Dead by Morning

1955

Comedy / Crime

58
IMDb Rating 5.5 10 67

Synopsis


Downloaded times
May 11, 2020

Director

Cast

Diana Dors as Daisy Dureneck
720p.WEB 1080p.WEB
627.77 MB
1280*720
English 2.0
NR
23.976 fps
68 min
P/S N/A / N/A
1.14 GB
1920×1080
English 2.0
NR
23.976 fps
68 min
P/S N/A / N/A

Movie Reviews

Reviewed by otterman62 6 / 10 / 10

Pleasant undemanding entertainment

I wrote this after seeing the film on TV and reading the other reviews which i felt were very harsh. The main problem with the film is that it seems to fall between comedy and mystery with not quite enough of either, also the pace is poorly judged with a lot of messing around in the first 90% of the film before the mystery is solved in the last 5 minutes . It reminded me of long ago school homework when you start well but lose interest and put down anything to get it finished. But despite that this is basically a harmless glimpse of a world which is nowadays almost forgotten. There are some good lines, Diana Dors looks gorgeous and Hulbert and Courtneidge are charming in their roles and overall this is pleasantenough way of filling an afternoon.

Reviewed by Spondonman 4 / 10 / 10

Sad awkward farce, yet still interesting

This British comedy mystery was missing a couple of essential things: Gaumont-British or Gainsborough as the production company, 1935, plenty of lively interpolative music and a handful of songs to pad out the dolorous 65 minute running time. Never mind about the acting or story. It was a deliberately old-fashioned film mainly intended for the then older generation to enjoy, but I doubt whether they left the cinema with happy feelings engendered; and TV was making it so much easier to feel disappointed. It had as main characters old stalwarts Jack Hulbert, Cicely Courtneidge, Joss Ambler, even A. E. Matthews – however time had taken its toll on them - alongside the photogenic Diana Dors for whom time was just beginning. Young married couple take possession of house in country when a slightly cuckoo middle aged lady arrives (Courtneidge of course), decides to spend the night with them but leaves in an apparently murdered condition. The husband Patrick Holt is a crime story writer to whom local police Inspector Ambler takes an unreasonable exception as competition, the wife played by Dors is scatty until the last frantic five minutes. The film veers from interesting socially to embarrassing with pregnant pauses and blank looks to (very) occasionally witty dialogue: "The police have no right to infest my premises","Infest?","The word was chosen with care". Jack as the police constable and Cicely were generally awkward, some might say even when young, and just too out of practice by now for movies - what they could get away in 1935 was impossible by 1955. At the climax she really should've had a jaunty song and ungainly dance to burst into; and attention must paid to the denouement to understand it, that is, if still awake. Maybe another sad thing is that it's probably easier and more cost-effective for the BFI to restore and release films like this in better condition rather than older, more worthy and more urgent cases. The production company Nettlefold which made this dire effort had been in operation more or less on a shoestring budget since 1895 but TV finally helped close it down in 1961. I've no objection to seeing this to say hello again to some old friends especially as it's so short, but it's difficult for even me to get much more from this or recommend it. It's OK, but if you're interested be prepared for a waste of time.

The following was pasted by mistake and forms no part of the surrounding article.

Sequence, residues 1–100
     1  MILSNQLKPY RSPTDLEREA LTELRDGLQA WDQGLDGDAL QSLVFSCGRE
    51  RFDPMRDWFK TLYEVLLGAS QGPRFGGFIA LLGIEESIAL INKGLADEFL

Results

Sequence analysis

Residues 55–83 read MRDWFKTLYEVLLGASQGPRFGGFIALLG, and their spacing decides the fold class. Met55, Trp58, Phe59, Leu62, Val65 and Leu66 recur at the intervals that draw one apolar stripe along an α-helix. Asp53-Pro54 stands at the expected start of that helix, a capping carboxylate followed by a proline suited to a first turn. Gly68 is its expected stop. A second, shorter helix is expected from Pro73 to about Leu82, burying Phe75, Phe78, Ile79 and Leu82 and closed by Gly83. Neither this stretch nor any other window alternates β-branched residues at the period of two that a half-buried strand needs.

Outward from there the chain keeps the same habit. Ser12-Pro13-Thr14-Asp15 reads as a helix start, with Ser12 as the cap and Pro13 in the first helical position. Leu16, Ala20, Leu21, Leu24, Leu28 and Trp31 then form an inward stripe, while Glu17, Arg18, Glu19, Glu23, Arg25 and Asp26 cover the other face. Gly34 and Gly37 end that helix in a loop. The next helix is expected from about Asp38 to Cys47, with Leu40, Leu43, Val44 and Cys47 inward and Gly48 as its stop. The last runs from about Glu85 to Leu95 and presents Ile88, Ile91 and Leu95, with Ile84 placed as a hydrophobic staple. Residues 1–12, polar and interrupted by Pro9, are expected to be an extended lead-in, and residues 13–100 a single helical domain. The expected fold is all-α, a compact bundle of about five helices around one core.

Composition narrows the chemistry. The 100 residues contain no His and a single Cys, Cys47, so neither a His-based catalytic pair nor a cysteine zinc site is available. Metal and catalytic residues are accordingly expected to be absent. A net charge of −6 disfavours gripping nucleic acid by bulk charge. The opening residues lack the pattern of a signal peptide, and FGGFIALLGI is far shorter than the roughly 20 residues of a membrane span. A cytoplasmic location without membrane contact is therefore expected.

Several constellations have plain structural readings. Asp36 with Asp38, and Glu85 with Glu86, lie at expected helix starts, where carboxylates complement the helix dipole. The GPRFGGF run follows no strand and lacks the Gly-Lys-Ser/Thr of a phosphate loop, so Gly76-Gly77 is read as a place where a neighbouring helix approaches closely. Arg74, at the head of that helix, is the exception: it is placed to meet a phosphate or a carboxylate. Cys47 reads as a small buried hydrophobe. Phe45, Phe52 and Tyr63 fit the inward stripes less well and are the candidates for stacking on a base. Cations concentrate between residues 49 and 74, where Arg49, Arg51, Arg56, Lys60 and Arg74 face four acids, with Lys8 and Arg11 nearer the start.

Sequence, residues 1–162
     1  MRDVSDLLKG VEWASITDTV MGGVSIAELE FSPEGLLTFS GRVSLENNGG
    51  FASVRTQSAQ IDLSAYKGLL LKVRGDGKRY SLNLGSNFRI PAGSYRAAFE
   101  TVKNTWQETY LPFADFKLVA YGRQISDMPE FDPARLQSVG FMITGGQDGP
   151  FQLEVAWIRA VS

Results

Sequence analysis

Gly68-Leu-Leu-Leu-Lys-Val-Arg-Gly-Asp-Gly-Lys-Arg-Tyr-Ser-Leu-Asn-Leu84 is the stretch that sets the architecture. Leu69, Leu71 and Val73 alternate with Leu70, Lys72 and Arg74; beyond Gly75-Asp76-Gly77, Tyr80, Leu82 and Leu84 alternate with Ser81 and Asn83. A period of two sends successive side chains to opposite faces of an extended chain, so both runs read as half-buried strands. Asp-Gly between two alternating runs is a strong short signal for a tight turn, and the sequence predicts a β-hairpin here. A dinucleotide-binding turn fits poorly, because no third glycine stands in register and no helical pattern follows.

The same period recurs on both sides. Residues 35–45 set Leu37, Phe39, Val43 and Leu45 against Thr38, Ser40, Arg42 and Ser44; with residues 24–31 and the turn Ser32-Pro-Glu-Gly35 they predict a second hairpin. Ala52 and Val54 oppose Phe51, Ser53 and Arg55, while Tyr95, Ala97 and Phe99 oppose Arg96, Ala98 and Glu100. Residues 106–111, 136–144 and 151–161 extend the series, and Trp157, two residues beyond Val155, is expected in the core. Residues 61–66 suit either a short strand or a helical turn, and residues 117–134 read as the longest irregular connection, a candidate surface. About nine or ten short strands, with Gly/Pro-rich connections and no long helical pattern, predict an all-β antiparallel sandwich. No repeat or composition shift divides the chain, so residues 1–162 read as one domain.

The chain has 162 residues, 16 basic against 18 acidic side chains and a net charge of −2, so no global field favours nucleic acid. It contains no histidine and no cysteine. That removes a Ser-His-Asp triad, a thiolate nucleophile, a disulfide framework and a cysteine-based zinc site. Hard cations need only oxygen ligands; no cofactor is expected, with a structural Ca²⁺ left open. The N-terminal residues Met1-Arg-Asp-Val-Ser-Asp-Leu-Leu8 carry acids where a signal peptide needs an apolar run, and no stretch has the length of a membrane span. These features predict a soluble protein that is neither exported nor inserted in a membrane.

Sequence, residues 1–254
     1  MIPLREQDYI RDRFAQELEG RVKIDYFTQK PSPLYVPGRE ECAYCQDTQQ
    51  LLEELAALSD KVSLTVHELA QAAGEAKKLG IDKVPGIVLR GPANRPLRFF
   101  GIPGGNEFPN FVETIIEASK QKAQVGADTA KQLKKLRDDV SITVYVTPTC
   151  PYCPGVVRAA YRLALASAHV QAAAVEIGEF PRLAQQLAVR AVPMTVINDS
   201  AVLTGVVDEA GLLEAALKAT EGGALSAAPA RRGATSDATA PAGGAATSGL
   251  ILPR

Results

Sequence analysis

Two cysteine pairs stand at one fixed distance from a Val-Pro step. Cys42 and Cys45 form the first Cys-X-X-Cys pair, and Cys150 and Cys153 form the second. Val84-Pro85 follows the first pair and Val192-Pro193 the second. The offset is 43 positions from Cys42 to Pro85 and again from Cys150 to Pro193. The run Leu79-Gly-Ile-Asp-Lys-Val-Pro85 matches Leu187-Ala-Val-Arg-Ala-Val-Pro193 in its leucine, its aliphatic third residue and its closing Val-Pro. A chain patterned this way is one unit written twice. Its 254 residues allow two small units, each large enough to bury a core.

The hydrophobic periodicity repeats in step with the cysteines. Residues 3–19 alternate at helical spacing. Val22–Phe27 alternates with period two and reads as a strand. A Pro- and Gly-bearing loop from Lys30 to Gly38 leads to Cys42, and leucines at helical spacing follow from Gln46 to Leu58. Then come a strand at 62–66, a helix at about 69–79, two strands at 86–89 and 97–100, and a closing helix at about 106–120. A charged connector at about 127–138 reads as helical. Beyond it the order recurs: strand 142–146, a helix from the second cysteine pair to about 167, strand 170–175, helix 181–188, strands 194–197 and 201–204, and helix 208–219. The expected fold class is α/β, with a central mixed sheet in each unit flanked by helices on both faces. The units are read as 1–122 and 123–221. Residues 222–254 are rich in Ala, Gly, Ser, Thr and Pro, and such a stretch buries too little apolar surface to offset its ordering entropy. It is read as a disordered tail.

Reviewed by dkelsey 4 / 10 / 10

A blot on the escutcheon of English film comedy.

This is an ill-advised and poorly executed revival of an out-dated type of comedy. Although purporting to be set in contemporary times (i.e. 1954), the nature of the plot and the style of its exposition are redolent of films made twenty years earlier, a feeling reinforced by the inclusion in the cast of those two old stalwarts of 1930s comedy, Jack Hulbert and Cicely Courtneidge. The central plot is a murder mystery of the artificial Agatha Christie type, the contrived solution to which is expounded in dialogue so swiftly in the closing minutes of the film that after its test screening, one baffled viewer's notes read, "Who murdered who? And why?" The comedy is provided by Hulbert and Courtneidge individually, rather than in tandem, and consists of an embarrassing reprise of their well-worn bits of shtick. Courtneidge does not launch into her "two dozen double damask dinner napkins" routine, but one would hardly be surprised if she did. Diana Dors is her usual beautiful self, but is ill-matched with Patrick Holt as her husband. The actress Ida Patlanski listed in the cast is also known as Pat Terry-Thomas, the wife of Terry-Thomas the English comic actor, whose dog Archie plays the role of Archie in this film. The film has been restored and issued on DVD by the British Film Institute, together with production details which reveal that the final version of the film was influenced by the script writer, the head of the commissioning company, the producer, the director, one of the actors (Hulbert), and the British film censor, which perhaps explains its lack of cohesion. Three years earlier, RKO had issued a comedy thriller, "Behave Yourself!" which too was about a young married couple becoming inadvertently embroiled in crime, in which too the wife's name was Kate and the dog's name was Archie. One wonders if the screen writer of "Miss Tulip" had seen that film and had residual memories of it. If so, it is a pity that he had not also remembered that the American film was not a mystery, the precise roles of all the miscreants being spelled out in the opening credits, leaving room for a great deal of comic action with far more entertaining results.

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